Thursday, December 13, 2007

More on the BW Bloodletting

A list of the people laid off and bought out at Business Week has just appeared on Talking Biz News, and I must admit that I am shocked.

The casualties include some of the best biz journalists around, people I've worked with in the past and admire: Tony Bianco, Jeff Laderman, Gail Edmonson, Larry Lippman and Amy Dunkin. (No offense to the rest, but I'm just mentioning the ones I've worked with directly on stories.)

This is on top of previous waves of layoffs that shed experienced journalists such as, in the last purge, labor writer Aaron Bernstein and Bill Symonds of the Boston bureau.

I realize these names don't matter to most people (except maybe Tony, the author of several well-received books), but these people are the heart and soul of Business Week. Jeff orchestrated BW's excellent mutual fund and personal finance coverage for two and a half decades, Gail is an ace foreign correspondent, and Amy is a mainstay of the personal finance section. Larry is the highly regarded photo editor who'd been at BW since the Stone Age.

These are all long-time people, in fact, and I assume that their salaries might have been a reason for their being so suddenly expendable.

I really am beginning to wonder what BW's management is thinking as it gets rid of these people while retaining, inter alia, "celebrity" columnists of questionable value to the reader. What direction is BW taking?

This is not excess flab being trimmed. Some of the early layoffs shed middle managers who had long outlived their usefulness. But these latest layoffs/buyouts are cutting into meat.

This does not bode well for BW. In fact, I'll take the thought one step further: there is something terribly wrong afoot at that magazine.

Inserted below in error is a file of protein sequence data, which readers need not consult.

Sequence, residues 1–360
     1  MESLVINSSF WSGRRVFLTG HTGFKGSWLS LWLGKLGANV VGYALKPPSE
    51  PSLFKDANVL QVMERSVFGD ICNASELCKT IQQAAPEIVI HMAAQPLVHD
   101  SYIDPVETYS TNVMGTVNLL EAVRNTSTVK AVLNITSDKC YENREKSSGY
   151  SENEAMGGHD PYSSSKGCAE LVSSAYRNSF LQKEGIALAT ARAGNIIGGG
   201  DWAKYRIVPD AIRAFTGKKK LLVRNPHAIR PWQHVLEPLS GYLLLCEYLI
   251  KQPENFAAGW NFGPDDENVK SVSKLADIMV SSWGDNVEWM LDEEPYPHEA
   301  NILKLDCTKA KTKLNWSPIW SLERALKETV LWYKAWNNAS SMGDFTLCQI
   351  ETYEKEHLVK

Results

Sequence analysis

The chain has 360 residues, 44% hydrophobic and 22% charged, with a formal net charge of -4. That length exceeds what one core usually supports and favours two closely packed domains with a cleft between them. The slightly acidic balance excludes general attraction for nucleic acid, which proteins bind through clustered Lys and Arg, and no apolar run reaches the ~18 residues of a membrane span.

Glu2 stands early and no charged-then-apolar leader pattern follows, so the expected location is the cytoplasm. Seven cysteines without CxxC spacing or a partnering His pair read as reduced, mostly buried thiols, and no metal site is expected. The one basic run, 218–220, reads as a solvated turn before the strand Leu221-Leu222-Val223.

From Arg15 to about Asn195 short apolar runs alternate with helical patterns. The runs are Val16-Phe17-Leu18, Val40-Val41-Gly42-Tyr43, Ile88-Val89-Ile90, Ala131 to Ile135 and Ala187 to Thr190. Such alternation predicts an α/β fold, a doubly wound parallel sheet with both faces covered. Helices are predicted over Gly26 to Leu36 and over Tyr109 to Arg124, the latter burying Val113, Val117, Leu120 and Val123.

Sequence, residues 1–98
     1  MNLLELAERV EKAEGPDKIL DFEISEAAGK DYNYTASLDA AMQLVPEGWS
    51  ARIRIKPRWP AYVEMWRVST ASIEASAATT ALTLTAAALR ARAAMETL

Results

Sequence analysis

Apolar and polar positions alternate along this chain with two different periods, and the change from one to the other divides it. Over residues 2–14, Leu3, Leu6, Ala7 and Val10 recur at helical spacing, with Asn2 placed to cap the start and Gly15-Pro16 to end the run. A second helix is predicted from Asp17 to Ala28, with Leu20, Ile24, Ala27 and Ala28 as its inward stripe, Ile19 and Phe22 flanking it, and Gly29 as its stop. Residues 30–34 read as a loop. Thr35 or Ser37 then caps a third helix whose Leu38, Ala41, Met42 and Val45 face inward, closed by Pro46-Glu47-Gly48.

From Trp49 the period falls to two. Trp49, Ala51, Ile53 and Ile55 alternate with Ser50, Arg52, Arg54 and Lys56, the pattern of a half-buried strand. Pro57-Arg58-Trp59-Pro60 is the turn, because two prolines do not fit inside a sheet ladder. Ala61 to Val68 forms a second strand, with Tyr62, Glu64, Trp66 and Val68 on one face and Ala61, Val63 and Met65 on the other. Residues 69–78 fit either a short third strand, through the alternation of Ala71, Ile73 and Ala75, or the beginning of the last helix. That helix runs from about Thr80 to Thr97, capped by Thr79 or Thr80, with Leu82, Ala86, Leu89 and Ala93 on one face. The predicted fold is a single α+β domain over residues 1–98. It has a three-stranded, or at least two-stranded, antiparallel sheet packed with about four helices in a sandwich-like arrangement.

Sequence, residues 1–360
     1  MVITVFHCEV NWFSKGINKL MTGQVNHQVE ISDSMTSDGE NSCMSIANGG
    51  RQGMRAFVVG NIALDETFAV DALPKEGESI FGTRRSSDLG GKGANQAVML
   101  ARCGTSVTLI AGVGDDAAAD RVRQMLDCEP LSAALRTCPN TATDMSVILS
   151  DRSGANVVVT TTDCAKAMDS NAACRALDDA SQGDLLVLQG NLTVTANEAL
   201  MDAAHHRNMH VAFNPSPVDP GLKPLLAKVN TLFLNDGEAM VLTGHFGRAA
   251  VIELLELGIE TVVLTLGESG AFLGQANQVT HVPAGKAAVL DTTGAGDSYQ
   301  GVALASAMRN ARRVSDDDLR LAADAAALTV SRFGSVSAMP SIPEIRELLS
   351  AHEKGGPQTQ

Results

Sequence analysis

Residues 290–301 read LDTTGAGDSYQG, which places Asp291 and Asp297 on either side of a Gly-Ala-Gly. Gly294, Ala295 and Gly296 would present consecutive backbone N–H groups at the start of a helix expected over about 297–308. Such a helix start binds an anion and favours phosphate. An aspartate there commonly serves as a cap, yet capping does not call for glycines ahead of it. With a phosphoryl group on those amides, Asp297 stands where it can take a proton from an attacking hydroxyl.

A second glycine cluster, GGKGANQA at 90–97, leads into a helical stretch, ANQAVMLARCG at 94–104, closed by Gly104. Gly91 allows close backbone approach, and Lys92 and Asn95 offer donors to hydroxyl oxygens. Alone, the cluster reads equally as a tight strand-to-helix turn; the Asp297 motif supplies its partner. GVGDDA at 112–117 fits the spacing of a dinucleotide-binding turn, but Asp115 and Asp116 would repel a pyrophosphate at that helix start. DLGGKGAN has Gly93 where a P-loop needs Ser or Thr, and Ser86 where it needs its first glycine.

UPDATE: A pithy comment to the Talking Biz News item is worth repeating:

Adler was given the task of “fixing” a high-quality magazine that really wasn’t broken. It needed to adapt itself to the Web and address advertisers’ discomfort. But those issues are industrywide, and instead of tailoring the changes to meet those concerns in a measured way, he overhauled the magazine. I’ll say as a journalist based in D.C., one of the saddest end-results has been to its Washington coverage, which is almost non-existent. The “money and politics” beat remains open despite — I am certain — applications from many qualified candidates in recent months.
The comment above that one, which I'll not replicate as it is a bit nasty, reflects a lot of the feedback I've informally gotten from people I know at the magazine.

When I joined Business Week in 1986, Barron's and Forbes were renowned for their low staff morale. But that was offset by the excellent quality of the magazines and their stunning commercial success. But here we have poor morale and concerns about the viability of magazine and criticism of its redesign and direction. That's a bad combination.

© 2007 Gary Weiss. All rights reserved.

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